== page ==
You're driving along on the Interstate, with the cruise control set at 70 mph. As you near an on-ramp, a semitruck comes down the ramp to merge into the road. Who has the right-of-way, you or the semi?
Many drivers -- all drivers, not just truck drivers -- act as if the cars on the ramp have the right of way. They assume cars on the interstate will move over. When they don't, you get near misses, accidents and instances where cars merge dangerously and cut off other drivers.
That assumption is backwards. The reality is that the vehicles that are already on the road have the right of way. They can move over to be polite, but they do not have to. The cars coming onto the road need to time their merges to fit into that traffic. They do not have to stop, per se, but they cannot just force their way in, laying on the horn, as if everyone else is in the way.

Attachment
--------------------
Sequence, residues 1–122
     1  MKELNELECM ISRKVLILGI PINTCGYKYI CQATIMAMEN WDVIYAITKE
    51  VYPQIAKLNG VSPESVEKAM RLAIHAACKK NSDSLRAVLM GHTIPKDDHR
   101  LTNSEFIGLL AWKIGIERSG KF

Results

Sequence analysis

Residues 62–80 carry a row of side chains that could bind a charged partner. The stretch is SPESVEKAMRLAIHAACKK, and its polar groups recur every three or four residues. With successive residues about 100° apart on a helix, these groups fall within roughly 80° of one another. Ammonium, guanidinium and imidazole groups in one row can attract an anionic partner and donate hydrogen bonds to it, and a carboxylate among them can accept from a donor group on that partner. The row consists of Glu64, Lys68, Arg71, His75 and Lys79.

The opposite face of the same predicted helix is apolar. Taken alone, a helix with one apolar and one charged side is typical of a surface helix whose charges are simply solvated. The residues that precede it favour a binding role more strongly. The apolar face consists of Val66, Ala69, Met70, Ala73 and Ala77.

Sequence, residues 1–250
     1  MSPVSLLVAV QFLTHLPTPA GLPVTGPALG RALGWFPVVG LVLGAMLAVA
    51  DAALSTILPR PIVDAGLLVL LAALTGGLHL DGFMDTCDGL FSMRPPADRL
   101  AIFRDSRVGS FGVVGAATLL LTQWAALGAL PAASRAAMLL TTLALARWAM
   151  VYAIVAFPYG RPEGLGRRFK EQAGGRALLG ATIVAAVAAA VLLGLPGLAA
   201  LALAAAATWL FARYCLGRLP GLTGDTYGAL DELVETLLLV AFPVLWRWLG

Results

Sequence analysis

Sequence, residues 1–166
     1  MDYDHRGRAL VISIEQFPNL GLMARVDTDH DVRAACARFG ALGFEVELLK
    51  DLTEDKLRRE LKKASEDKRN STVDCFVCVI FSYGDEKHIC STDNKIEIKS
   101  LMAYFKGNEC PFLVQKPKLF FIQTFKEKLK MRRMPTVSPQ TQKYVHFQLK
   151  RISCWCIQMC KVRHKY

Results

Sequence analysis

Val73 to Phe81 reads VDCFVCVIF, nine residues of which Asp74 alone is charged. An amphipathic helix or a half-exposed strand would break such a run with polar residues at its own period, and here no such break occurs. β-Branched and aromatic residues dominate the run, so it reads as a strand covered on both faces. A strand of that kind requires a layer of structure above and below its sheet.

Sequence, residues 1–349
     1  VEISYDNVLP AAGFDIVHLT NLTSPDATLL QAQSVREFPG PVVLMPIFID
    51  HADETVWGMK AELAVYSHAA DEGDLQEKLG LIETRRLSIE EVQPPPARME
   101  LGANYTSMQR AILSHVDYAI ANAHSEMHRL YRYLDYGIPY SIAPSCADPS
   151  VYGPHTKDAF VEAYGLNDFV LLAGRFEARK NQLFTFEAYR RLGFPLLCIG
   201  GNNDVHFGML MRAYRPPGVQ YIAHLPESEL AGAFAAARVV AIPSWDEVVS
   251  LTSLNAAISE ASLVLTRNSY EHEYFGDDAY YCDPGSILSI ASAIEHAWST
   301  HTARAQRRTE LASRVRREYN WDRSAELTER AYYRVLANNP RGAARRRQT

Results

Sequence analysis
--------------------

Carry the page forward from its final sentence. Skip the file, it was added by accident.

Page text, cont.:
After all, there are plenty of reasons you may not be able to move over. Maybe you're actually going 60 mph in the right lane. Another pickup truck is passing you, going 70 mph. A second semi is already right behind you, and another passenger car is in front. You're completely boxed in. The semi on the ramp must speed up or slow down to merge safely, rather than expecting you to get out of the way.
If you are involved in an accident with a semi, be sure you understand all of your legal options.
Source: Diversified Transfer & Storage, "What Truck Drivers Wish Other Drivers Knew," accessed April 26, 2018